I was recently asked how I deal with silly mistakes many of us make in algebra or arithmetic, especially in the context of a tutoring session. Common errors include forgetting to carry numbers when adding, getting confused about operating with plus and minus signs in one problem, and multiplying two digits incorrectly.
I consulted Michael Sheppard, director and lead educator for Big Sky Learning Center in Santa Fe. Michael shared a number of suggestions based on his 19 years of experience teaching kids in one-on-one and group settings. I've combined Michael's excellent suggestions with some of my own:
Referring to arithmetic or algebra errors as "silly" or "stupid" mistakes carries a tremendous amount of emotional charge. Students may feel that they themselves are silly or stupid due to errors they are committing. In truth, the errors are likely caused by emotional and physiological causes, and perhaps a lack of understanding of key concepts. Thus, any judgment the tutor or student holds about the behavior leading to the errors is problematic for two reasons.
- Such judgments are almost always based on incorrect understanding of the source of the errors ; tutors may feel that a student is lazy, careless, or not paying enough attention.
- Judging a student's behavior is detrimental to the student's self-esteem.
As we will see, the true causes of the problem can be addressed without laying blame on the student or on his behavior. A healthy reframing of the situation is this:
Acknowledge that there are emotional and physiological causes of the errors and perhaps gaps in mathematical understanding that the tutor and student can address in a constructive manner.
2. Manage the emotional aspects of the situation
Judging, blaming, and shaming are counter-productive. It's best to unconditionally support the student regardless of how many problems he solves correctly. Holding the intention that the student is smart, creative, and resourceful will go a long way toward minimizing emotional stressors. Praising the student for trying, even if he makes a mistake, is very helpful in getting past the judgment that the student is somehow a better person if he gets the right answer.
Relaxation techniques, movement (see item 6), exercise, guided visualizations, meditation, EFT, and other modalities can help to disperse stress when it builds up.
3. Slow down
Many of us do calculations too quickly and fail to slow down even when it is in our best interest. There are two major causes of this behavior.
- We want to prove to ourselves or to others that we are intelligent and we have been conditioned to believe that smart people think (and talk) rapidly.
- We are emotionally or physically stressed and by speeding up our mental processes we numb out the feelings we're having.
Slowing down, being willing to look at emotional factors, and changing our attitudes about how "faster is better" will go a long way toward reducing errors.
Shallow breathing leads to tension and stress in the body; both reduce clarity of thought. When we are frightened or anxious, as in just before or during a test, our breathing slows down.
The solutions is simple. Breathe more slowly and deeply. Sheppard has his students do the following when taking a test or doing a set of problems:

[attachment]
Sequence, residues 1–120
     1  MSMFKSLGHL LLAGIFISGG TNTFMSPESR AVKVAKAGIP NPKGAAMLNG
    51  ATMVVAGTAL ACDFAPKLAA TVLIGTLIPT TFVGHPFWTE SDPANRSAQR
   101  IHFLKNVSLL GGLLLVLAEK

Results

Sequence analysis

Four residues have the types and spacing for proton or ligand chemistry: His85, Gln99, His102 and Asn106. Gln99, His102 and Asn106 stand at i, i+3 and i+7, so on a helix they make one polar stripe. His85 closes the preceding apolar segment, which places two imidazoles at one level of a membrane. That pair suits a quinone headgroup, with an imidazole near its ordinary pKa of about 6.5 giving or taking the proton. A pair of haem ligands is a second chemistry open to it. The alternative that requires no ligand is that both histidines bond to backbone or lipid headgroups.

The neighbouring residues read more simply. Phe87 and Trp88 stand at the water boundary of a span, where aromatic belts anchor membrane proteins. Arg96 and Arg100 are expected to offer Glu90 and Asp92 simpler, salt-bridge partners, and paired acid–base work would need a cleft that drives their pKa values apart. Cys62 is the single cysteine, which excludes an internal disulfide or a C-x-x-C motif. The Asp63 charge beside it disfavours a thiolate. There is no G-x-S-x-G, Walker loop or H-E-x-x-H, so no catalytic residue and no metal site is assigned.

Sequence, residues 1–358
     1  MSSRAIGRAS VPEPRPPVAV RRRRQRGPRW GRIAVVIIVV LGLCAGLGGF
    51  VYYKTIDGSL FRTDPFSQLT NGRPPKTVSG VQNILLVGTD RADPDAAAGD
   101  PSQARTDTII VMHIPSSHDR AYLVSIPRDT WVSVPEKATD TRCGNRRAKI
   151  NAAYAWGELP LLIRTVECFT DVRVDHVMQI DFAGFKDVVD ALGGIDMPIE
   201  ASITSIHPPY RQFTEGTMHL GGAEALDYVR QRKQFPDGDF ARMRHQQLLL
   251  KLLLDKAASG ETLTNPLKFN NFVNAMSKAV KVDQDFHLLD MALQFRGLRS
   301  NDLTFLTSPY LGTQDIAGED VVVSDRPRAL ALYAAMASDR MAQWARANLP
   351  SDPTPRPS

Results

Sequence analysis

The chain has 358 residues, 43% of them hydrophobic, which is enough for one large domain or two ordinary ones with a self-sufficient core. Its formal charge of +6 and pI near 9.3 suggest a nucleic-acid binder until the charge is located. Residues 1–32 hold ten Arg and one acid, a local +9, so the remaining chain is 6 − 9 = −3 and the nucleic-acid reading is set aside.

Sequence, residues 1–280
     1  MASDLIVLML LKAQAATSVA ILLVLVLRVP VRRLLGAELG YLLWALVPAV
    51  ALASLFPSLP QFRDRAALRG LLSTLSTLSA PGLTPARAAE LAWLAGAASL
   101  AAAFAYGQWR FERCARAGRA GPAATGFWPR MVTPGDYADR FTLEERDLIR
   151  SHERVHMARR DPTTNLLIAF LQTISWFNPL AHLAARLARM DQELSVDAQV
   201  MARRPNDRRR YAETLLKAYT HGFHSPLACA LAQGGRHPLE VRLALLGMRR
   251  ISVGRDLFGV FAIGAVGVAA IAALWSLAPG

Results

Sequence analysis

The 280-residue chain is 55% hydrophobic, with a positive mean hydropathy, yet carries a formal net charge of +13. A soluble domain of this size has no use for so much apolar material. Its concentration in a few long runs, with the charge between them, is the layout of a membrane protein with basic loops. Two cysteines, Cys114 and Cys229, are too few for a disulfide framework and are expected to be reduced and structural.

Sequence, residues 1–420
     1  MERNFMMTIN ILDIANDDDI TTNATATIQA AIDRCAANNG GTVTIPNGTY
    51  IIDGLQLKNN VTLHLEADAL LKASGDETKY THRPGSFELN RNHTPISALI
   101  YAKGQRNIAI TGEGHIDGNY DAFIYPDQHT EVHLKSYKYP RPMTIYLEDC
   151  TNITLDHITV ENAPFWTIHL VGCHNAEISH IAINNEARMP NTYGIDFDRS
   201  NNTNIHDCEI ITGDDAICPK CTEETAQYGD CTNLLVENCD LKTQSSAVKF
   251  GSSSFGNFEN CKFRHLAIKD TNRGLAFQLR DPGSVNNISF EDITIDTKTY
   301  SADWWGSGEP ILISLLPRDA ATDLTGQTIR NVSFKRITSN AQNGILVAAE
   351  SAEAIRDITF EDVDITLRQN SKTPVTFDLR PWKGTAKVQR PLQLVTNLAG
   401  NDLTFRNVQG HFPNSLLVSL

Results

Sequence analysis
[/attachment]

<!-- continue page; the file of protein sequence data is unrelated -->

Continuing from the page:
- Put a big blue dot next to each problem description. Evey time the student starts a new problem the blue dot reminds him to breathe.
- Take three very slow and deep breaths when starting a new problem.
The human brain consists mostly of water - 80% in fact. By the time a student notices he is thirsty he is sufficiently dehydrated that his ability to think clearly and retain information is impaired. In the field of search and rescue it is well known that most accidents are a result of dehydration. A very common scenario is that a hiker becomes lost, runs out of water or doesn't drink regularly, becomes mentally impaired, then falls or is otherwise injured.
Another proponent of proper hydration is Brain Gym. Brain Gym is a healing modality that emphasizes whole brain learning and often dramatically improves student performance. Brain Gym students are reminded to drink water before engaging in mental activity.
An eight once glass of water before starting a homework session or test is helpful as is drinking water consistently throughout the day.
6. Take movement breaks
Movement helps the mental and creative processes. Taking regular breaks is important to keep the brain alert. Possible break activities include:
- Juggling (Sheppard encourages students to learn to juggle as a way to reset their brains. I suspect that the left-right brain integration of juggling is helpful as well.)
- Balloon fights (Another Sheppard idea which I only recommend with a tutor or parent and not in the classroom.)
- Walking around
- Doing a few jumping jacks
7. Pay attention to nutrition
Many of us are very sensitive to what we eat. Foods we are allergic to, problems with digestion, sugar, processed foods, and insufficient protein in the diet can all potentially affect us. It's worth undertaking an investigation to see if eliminating suspect foods improves clarity and concentration.
8. Strengthen the foundation
A final consideration, often overlooked, is the effect of poor mathematical understanding on Math performance. A student who doesn't understand how negative numbers are related to positive numbers will more easily make mistakes in manipulating numbers with mixed signs. Rote memorization with no solid foundation will likely lead to a greater number of errors with a smaller than desired chance that the student will check and find the errors.
Ferreting out the source of calculation errors may not always be easy but the process can be very straightforward and rewarding. Keeping the focus on finding and correcting the emotional, physiological, and foundational causes of the situation benefits everyone and keeps the student's self-esteem intact.